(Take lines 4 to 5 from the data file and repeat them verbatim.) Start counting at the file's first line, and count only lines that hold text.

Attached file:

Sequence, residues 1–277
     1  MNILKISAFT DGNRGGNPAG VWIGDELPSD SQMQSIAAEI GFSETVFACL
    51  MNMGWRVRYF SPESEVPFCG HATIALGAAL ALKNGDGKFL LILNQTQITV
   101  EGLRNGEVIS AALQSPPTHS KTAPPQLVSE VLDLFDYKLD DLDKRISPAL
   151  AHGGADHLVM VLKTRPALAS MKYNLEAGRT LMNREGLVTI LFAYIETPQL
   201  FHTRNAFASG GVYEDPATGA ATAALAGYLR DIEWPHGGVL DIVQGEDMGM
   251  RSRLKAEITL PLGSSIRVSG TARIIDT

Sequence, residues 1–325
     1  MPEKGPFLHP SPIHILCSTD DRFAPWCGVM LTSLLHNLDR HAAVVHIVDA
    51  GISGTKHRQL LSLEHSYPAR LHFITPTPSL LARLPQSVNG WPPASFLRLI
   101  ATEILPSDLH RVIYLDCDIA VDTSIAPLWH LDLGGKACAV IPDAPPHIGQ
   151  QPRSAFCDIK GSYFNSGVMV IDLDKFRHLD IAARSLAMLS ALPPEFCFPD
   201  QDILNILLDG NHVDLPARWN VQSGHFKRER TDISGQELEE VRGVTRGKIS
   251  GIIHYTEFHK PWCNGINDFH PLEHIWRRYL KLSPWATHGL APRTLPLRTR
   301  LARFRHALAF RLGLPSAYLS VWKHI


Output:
   101  EGLRNGEVIS AALQSPPTHS KTAPPQLVSE VLDLFDYKLD DLDKRISPAL
   151  AHGGADHLVM VLKTRPALAS MKYNLEAGRT LMNREGLVTI LFAYIETPQL